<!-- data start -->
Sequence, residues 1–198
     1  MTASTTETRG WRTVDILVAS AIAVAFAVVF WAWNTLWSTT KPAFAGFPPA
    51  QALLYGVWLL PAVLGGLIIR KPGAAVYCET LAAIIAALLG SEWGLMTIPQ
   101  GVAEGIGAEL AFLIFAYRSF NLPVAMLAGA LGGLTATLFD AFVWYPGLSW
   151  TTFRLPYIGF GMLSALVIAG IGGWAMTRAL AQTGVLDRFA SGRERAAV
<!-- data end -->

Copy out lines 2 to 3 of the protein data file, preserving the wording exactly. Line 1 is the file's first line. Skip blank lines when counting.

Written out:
     1  MTASTTETRG WRTVDILVAS AIAVAFAVVF WAWNTLWSTT KPAFAGFPPA
    51  QALLYGVWLL PAVLGGLIIR KPGAAVYCET LAAIIAALLG SEWGLMTIPQ